As an adult, Gene Otto became an accomplished painter, and he always had Robert the Doll by his side when he worked in his home studio at 534 Eaton St. After Otto's death, the home became a guest house, now called The Artist House. Robert was donated to the Fort East Martello Museum, where you may visit him today.

Count von Cosel Count von Cosel and the corpse of Maria Elena Milagro de Hoyos


Count von Cosel

In the 1920s, a German-born eccentric, Carl Tanzler moved to Key West to work as a radiologist at the Marine Hospital. He had deserted his wife and children in Zephyr Hills, Florida. He arrived on the island and bestowed an imaginary title upon himself, and changed his surname to Count Carl von Cosel. He worked and lived in a big barnlike "laboratory" near the far end of Flagler Avenue. At that time, this was considered a remote location, and Carl busied himself concocting bogus medical treatments and fantastic ”healing” machines.

Then Count van Cosel met Maria Elena Milagro de Hoyors, a 21 year old beauty of Cuban descent, when she was admitted to the hospital. For von Cosel it was love at first site! Elena was diagnosed with tuberculosis which was often fatal at that time. Believing he had found his soulmate, von Cosel made it his mission to cure her. He wnet on to administer various potions and tonics of his own invention, all to no avail. When she was discharged from the hospital, into the care of her parents, von Cosel visited constantly.

On one visit he took an odd electrical device he had constructed, with the intention of curing her by positively charging her molecules.  Despite all his earnest efforts, Elena Hoyos passed away on October 25, 1931. Her body was entombed in a lavish stone mausoleum the Count had built for her in the Key West Cemetery.

Curiously, von Cosel retained the only key to the walk-in structure. It is written that he made nightly visits to his beloved deceased, often bearing gifts. His visits continued for two years, but then abruptly stopped. It was later discovered that Carl had removed her body, and taken it home with him. He reconstructed Elena's badly decomposed body using wire, fabric, plaster, human hair and wax. He put her "to rest" in their shared bed. Carl was "living his dream."

Elena's Airship

It got even stranger when von Cosel turned mad scientist and built a bizarre wingless "airship" in his backyard. His intention was to one day fly his bride into the stratosphere, where the radiation from outer space would restore life to her long-dead body. Earlier, we labeled von Cosel "eccentric", but a more apt description may be "nutty as a fruitcake".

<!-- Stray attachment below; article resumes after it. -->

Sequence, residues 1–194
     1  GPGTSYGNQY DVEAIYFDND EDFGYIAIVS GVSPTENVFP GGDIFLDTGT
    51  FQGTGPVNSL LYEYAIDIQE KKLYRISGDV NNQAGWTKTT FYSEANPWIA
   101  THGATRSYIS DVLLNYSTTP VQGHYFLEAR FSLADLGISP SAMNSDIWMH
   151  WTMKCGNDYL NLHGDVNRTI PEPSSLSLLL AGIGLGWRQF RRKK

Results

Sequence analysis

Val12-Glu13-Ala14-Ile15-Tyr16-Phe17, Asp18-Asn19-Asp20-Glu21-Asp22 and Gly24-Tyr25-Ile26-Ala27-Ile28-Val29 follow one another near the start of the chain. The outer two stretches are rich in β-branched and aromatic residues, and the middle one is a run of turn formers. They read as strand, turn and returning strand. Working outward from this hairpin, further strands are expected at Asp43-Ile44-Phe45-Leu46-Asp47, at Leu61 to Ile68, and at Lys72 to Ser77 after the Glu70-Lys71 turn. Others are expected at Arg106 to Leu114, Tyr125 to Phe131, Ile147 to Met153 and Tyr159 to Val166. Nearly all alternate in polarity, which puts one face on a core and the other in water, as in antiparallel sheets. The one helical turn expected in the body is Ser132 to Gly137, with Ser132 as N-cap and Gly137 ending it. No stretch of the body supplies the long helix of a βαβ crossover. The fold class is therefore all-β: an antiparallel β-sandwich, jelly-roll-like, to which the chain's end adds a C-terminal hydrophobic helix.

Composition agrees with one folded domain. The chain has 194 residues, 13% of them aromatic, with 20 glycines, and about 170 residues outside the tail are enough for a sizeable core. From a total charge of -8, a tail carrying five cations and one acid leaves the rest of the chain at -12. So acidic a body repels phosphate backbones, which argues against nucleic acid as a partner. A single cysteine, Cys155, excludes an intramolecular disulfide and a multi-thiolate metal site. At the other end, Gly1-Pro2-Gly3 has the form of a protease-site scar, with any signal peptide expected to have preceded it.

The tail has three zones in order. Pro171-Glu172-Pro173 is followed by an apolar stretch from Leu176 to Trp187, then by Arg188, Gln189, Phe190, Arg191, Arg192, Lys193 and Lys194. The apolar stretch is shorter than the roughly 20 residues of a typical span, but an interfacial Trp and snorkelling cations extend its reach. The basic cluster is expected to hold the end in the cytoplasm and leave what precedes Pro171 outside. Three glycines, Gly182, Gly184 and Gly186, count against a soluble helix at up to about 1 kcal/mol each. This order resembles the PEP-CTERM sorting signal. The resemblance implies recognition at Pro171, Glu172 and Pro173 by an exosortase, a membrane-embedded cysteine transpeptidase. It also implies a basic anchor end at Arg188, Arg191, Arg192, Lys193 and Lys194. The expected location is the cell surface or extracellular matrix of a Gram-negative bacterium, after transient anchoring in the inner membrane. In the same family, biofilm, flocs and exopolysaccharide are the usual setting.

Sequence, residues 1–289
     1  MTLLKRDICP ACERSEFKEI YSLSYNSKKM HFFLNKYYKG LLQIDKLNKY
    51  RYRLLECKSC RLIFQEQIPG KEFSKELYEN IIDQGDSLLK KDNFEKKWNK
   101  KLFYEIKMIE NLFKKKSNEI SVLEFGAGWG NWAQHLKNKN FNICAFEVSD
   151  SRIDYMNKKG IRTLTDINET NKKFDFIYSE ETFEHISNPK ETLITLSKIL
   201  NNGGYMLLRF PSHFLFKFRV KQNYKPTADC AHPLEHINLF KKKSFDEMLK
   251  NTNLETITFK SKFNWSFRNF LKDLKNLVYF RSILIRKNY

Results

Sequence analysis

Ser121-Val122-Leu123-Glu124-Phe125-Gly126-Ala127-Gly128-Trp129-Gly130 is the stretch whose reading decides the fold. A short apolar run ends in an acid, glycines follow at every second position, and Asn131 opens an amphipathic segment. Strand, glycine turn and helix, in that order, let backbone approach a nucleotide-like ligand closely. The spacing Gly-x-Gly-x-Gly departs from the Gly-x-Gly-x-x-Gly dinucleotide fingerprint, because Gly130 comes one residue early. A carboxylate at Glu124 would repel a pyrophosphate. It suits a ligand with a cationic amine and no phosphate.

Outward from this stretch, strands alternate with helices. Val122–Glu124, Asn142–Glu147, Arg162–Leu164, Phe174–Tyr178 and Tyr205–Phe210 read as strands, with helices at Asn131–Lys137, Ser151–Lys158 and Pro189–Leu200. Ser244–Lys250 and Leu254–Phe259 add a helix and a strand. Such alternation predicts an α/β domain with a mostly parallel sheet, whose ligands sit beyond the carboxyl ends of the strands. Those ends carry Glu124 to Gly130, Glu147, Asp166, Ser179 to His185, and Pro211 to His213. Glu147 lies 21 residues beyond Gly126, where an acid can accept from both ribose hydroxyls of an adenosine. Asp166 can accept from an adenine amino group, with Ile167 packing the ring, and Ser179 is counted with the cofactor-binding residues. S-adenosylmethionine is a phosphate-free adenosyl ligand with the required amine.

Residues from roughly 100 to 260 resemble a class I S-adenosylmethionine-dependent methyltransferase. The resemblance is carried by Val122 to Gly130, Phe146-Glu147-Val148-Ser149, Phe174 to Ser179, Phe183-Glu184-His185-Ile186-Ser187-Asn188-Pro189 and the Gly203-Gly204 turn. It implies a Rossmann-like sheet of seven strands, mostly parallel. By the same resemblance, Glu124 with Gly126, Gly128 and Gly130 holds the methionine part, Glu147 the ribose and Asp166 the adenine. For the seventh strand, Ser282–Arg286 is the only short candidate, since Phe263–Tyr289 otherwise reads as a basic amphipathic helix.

Trouble was about to come to the horrifying honeymoon hideaway. Nine years after Elena's passing, her sister became suspicious about Carl's abandonment of Elena's crypt. The sister went to von Consel's house to confront him. Much to her abhorent surprise. he invited her into the house and proudly showed off the shocking mortuary preservation of the corpse. The sister freaked out, and promptly had him arrested.

A scandalous trial ensued, but ultimately, all charges were dropped as the statute of limitations had run out. There was a frenzied public interest in the case, and the family was pressed to put Elena's remains put on public display at a local funeral home.  Finally, the corpse was interred in a secret location, never again to be disturbed. As for Carl Tanzler aka Count von Cosel, he faded from view and lived the rest of his life in relative obscurity.

Key West Haunted - Ghosts - Spirits The original Key West home of Robert the Doll


Ghost Tours to Find the Spirits on the Island

VHKW recommends taking one of the ghost tourns offered on the island if you'd like a little theatrical flair thrown in with your spooky educational experience. Our VHKW Concierge is here to help you map out the best haunted experiences on the island. We can help you set up a custom tour ro make haunted memories of a lifetime. You'll be guided to various haunted sites around the Historic District by well-versed guides, and have a great time as you learn.

To get you started, check out Ghosts and Gravestones for a group chauffeured experience. For walking tours, check out the Key West Ghost Tours.

As you enjoy your bright, sunny stay in your VHKW Vacation Rental, don't neglect the myriad opportunities you'll find to explore Key West's dark side!

dr von cosel's labartory